Gender neutral clothing is the next big thing in fashion

But some fashion lovers don’t identify with this gender binary, and they, and Gen Z consumers in particular, are creating demand for more inclusive and non-gendered fashion offerings. This makes stores that want to attract their money to be careful.

For example, teen retailer PacSun’s summer 2021 marketing campaign features what it calls “genderless” styles, a category it introduced in September 2020.

It includes a new line of sexless eco-friendly PacSun fashion called Color Theory with a variety of cotton-based staples, such as sweatpants and hoodies. The gender-neutral store on its website already has a collection of t-shirts, sweatpants, cargo and skinny pants in solid colors and tie-dye prints.

Abercrombie & Fitch (ANF) launched his first gender inclusive clothing collection, called “Everybody Collection”, in 2018 for children 5-14 years old, due to customer demand. It offers an assortment of children’s clothing, including camouflage prints, bomber jackets, and skate culture-influenced sweatshirts and crew-neck t-shirts.

Most recently, in May, the clothing chain launched a new collection in collaboration with The Trevor Project, a suicide prevention and crisis intervention organization for lesbian, gay, bisexual, transgender, queer and questioning youth ( LGBTQ). The gender-specific collection for children and adults includes t-shirts, shorts, hoodies, jackets, hats, sandals and perfume.

The clothes of the collections that the brands are launching are not limited to certain colors and fit separately for girls, boys, men and women. Instead, they’re “genderless” in that the fashion is fluid, not inherently masculine or feminine, and the styles can accommodate all body types.

Why retailers are grabbing

Stores have good reasons for deploying such collections.

In a December 2020 survey by global marketing and consulting firm Wunderman Thompson of 1,000 American consumers aged 16 to 24, 70% of those surveyed agreed or strongly agreed that gender does not not define a person as much as before.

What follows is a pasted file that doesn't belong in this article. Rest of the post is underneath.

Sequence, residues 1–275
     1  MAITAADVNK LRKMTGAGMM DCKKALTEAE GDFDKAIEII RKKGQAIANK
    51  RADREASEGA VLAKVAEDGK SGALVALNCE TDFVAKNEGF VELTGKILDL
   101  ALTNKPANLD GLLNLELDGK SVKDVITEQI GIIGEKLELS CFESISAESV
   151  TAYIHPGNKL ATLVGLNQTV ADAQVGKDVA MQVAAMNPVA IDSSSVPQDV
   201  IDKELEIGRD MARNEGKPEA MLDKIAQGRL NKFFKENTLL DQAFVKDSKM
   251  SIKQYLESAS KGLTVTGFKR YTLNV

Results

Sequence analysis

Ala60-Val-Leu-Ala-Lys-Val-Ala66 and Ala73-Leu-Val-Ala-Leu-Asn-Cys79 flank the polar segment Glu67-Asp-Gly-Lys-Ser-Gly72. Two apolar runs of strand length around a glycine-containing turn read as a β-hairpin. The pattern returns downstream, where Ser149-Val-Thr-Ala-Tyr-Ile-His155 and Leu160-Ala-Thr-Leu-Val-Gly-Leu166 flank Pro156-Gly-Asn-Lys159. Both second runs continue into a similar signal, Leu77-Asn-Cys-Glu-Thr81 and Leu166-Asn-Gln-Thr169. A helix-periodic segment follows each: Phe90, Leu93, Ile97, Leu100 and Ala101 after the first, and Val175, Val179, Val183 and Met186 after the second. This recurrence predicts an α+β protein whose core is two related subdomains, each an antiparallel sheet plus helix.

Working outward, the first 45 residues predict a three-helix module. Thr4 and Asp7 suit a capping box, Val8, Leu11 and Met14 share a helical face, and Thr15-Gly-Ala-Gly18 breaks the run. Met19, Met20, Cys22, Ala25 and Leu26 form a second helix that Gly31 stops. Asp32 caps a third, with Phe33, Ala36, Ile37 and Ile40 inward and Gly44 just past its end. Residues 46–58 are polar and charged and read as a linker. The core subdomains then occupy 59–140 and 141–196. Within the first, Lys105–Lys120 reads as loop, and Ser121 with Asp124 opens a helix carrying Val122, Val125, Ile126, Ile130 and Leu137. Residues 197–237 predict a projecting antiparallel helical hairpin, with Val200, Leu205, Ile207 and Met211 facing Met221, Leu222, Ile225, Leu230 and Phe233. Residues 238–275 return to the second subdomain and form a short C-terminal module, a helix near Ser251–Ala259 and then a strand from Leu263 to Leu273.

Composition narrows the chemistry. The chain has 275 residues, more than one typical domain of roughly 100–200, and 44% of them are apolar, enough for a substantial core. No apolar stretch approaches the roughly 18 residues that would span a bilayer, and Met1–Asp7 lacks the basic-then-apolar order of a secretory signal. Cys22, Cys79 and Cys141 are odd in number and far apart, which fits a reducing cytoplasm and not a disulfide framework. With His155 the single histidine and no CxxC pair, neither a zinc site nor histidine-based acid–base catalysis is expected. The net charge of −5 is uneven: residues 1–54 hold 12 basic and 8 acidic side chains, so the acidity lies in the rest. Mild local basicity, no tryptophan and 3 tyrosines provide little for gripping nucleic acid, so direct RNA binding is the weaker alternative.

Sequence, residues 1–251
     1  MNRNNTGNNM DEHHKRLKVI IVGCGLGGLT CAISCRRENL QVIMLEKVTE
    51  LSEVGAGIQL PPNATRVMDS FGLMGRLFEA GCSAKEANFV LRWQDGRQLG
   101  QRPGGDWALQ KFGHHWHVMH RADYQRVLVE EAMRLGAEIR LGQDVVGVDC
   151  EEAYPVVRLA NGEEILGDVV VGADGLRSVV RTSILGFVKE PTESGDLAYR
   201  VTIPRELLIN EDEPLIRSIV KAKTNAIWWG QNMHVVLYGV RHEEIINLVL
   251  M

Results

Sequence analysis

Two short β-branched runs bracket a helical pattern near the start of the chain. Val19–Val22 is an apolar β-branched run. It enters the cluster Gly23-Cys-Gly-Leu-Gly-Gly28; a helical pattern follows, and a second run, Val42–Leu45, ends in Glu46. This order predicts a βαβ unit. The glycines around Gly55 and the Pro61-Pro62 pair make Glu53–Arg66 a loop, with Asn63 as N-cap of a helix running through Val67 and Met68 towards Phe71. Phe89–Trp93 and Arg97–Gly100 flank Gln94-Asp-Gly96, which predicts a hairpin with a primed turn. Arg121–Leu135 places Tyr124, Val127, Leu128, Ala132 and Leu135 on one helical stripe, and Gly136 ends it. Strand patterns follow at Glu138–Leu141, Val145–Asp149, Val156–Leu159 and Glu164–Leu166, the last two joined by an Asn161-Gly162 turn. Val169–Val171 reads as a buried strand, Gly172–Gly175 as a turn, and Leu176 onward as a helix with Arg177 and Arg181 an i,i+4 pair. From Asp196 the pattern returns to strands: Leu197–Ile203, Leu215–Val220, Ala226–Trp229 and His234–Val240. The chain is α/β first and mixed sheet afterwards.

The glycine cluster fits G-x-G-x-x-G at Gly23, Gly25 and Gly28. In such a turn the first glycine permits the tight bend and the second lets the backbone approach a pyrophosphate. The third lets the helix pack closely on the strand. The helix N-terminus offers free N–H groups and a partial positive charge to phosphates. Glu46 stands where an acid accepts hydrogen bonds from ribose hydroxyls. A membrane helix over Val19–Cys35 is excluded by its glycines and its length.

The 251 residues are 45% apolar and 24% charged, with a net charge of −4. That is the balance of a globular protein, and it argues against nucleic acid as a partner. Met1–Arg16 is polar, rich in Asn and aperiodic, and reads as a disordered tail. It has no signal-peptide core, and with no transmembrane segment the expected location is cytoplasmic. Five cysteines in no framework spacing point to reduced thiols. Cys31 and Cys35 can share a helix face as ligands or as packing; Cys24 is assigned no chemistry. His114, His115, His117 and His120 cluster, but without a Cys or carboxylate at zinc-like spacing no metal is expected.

“Fashion reflects the culture and political beliefs of a generation, which are often led by younger people,” said Shawn Grain Carter, professor of fashion business management at the Fashion Institute of Technology in New York City.

“If mainstream retailers like Nordstrom and Saks are to survive, they have to reflect this generation’s value system to earn lifelong loyalty,” Carter said.

A brand helps department stores do just that. The Phluid Project, a gender neutral clothing brand, is available in more than 5,000 stores through partnerships with retailers like Nordstrom (JWN), Target (TGT), Sephora and, most recently, the outlet stores of luxury retailer Saks Fifth Avenue, Saks Off Fifth.

“We live in a binary society. So what I love about young Gen Z consumers is that they challenge that construct in everything, including fashion,” said Rob Smith, CEO and founder of the Phluid project.

On June 4, Saks Off Fifth launched its first exclusive line of gender-neutral clothing and accessories, 100% of the proceeds of which will be donated to the Phluid Foundation, the advocacy arm of the Smith brand. The collection features rainbow designs on t-shirts, hats, sneakers and tote bags for under $ 50.

Sara Griffin, senior vice president of marketing for Saks Off Fifth, said the collection with Project Phluid “is a first step” in responding to a younger generation of buyers who are less concerned with the traditional approach to the genre by clothing material.

“We are listening to our customers and will continue to make adjustments,” she said, adding that the company’s partnership with Phluid will continue with new merchandise in the fall.

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